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Winebits 377: Wine rant, direct shipping, wine police

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stuart piggott There’s ranting, and then there’s ranting: Stuart Piggott, an English wine writer who lives in Germany and champions riesling, has had quite enough of overoaked, high alcohol chardonnay, thank you very much. His screed takes on Kistler, one of the most popular (and expensive) of those wines; imagine Monty Python meeting GoodFellas. It’s funny, spot on, and contains a couple of words we don’t use on the blog for those of you who worry about those things. Most importantly, Piggott doesn’t dismiss all chardonnay because of some, but points out that chardonnay that’s varietally correct is still one of the great wines in the world.

A long way to go: ShipCompliant, which helps wineries with the maze that are federal and state liquor laws. notes that we still have a long to go before out-of-state retailers can ship wine to most consumers. Currently, only 14 states allow retailer shipping, and that doesn’t include the biggest markets in the country, like New York, Pennsylvania, Texas, Illinois, and Florida. The Wine Curmudgeon, who has often been accused of disparaging direct shipping, mentions this not for that reason, but to note that until three-tier changes, most of us will not be able to legally order wine from an out of state retailer, no matter what the hype.

Turn it into bio-fuel: How out of touch with reality are liquor cops and health officials? Consider this, from South Africa, where cheap pinotage has been accused of causing one region’s drinking problems. The Western Cape premier wants producers to turn their grapes into bio-fuel instead of wine as one way to combat the problem, but apparently failing to note that there is no feasible method to do that and that other booze, like ale, is substantially cheaper than wine. Said a wine industry spokesman: “We accept that alcohol abuse is a very big problem in the Western Cape, but we believe that there should be a focus on illegal traders and [unlicensed bars] — some of whom even sell alcohol on credit.”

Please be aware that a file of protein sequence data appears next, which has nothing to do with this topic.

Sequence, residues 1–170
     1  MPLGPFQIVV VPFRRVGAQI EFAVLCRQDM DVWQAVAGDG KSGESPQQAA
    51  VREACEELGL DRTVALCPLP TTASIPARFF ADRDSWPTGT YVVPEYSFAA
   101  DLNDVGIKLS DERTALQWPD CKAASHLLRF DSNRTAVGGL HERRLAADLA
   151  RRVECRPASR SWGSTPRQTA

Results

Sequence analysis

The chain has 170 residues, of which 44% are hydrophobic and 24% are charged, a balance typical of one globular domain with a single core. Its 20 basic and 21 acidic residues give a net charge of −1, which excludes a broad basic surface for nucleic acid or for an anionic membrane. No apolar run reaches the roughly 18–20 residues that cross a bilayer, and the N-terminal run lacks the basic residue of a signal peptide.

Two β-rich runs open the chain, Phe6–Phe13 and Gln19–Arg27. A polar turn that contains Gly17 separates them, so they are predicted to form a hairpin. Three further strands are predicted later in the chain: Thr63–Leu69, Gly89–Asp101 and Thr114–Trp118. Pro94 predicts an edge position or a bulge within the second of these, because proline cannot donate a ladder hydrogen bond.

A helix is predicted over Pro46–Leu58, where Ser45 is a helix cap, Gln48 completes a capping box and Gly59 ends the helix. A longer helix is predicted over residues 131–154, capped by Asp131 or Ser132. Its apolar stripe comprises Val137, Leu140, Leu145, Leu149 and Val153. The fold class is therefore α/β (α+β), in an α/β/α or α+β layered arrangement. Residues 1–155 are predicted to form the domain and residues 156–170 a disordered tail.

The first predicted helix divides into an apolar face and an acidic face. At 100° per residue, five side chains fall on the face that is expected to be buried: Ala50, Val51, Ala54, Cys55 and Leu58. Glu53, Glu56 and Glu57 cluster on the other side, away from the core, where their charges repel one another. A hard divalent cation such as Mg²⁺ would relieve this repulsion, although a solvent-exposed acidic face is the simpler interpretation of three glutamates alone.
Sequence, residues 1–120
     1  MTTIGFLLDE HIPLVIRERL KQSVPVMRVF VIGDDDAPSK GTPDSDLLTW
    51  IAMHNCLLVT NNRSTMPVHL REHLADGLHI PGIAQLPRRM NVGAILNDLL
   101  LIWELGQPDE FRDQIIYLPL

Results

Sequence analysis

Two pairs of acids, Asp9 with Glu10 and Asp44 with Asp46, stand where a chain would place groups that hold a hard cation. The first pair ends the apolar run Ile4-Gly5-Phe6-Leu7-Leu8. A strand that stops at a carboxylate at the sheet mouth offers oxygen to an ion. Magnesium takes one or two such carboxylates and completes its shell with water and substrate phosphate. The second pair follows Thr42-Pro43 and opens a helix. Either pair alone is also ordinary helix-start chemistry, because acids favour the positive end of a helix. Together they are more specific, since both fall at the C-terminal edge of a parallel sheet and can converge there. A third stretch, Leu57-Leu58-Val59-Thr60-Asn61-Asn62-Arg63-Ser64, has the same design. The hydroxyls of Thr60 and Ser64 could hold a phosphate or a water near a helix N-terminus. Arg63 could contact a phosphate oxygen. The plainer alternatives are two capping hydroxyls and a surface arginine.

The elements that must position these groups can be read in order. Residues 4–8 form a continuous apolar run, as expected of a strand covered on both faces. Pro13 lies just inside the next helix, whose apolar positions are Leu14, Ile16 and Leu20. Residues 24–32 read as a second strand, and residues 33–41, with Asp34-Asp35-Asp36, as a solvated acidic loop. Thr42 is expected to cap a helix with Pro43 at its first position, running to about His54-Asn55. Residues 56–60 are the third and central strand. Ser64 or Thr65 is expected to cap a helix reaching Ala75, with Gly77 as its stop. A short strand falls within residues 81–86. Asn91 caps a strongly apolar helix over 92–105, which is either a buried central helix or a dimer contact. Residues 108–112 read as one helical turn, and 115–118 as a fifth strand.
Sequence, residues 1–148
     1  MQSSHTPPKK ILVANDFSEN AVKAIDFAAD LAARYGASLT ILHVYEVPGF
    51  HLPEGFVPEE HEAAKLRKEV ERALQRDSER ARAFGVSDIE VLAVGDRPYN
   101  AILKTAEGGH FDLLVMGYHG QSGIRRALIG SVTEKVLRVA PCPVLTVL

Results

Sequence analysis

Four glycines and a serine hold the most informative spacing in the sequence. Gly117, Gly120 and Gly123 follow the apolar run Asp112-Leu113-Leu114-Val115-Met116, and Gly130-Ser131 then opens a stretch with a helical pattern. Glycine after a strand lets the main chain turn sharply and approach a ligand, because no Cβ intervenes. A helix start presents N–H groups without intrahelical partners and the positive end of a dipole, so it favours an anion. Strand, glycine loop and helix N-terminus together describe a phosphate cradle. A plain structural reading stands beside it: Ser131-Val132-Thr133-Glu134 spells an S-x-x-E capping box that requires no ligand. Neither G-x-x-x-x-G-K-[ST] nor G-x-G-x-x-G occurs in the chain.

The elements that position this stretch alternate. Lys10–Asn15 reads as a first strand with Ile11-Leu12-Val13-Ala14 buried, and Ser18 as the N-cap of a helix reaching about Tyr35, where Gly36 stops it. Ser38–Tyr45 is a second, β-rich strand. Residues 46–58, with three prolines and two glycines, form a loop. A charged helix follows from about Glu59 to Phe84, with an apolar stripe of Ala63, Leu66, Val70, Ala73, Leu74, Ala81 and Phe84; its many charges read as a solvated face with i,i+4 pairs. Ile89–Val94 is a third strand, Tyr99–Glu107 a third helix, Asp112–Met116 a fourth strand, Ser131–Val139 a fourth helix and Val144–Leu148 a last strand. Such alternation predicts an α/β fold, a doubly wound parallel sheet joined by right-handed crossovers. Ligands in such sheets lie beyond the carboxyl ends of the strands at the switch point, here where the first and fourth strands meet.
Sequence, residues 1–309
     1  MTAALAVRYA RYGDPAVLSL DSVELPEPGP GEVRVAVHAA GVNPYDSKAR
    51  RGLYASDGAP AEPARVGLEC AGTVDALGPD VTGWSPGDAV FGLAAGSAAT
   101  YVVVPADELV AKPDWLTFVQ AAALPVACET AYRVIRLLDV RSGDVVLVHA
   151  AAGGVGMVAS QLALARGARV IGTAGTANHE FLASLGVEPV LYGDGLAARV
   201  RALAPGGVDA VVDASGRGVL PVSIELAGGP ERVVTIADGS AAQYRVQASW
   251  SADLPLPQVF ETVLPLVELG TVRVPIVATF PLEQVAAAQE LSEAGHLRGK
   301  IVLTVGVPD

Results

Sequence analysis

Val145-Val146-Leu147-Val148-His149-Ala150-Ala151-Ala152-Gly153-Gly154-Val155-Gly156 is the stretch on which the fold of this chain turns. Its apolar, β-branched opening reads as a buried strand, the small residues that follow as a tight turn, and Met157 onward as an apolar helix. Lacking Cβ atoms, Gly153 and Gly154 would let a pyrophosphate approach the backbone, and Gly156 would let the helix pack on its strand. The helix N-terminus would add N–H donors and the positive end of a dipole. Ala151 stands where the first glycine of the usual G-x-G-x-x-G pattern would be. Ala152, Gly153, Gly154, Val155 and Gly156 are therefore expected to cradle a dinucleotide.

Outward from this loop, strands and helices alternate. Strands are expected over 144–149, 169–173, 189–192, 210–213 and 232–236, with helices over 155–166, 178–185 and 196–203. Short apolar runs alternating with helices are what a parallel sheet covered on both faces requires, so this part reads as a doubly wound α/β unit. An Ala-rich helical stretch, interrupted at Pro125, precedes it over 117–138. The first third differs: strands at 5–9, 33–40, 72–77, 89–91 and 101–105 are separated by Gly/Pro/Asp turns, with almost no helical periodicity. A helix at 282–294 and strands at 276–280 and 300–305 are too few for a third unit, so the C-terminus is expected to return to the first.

Winebits 373: Big Wine, Treasury, direct shipping

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Big Wine How big is big? One of the most difficult concepts to get consumers to understand is that their wine probably isn’t made by who they think it is. As noted here, Big Wine controls a majority of the U.S. market, and Big Wine includes many companies most of us have never heard of. Case in point: Trinchero Family Estates, a 20-million case producer that wants to be a 30-million case producer. And how many of us have heard of Trinchero, a California company? It’s best known for Menage a Trois and Sutter Home, but those are only a fraction of Trinchero’s production and its three dozen brands. If Trinchero makes it to 30 million cases, it will be as big as the entire U.S. wine business was in 1965.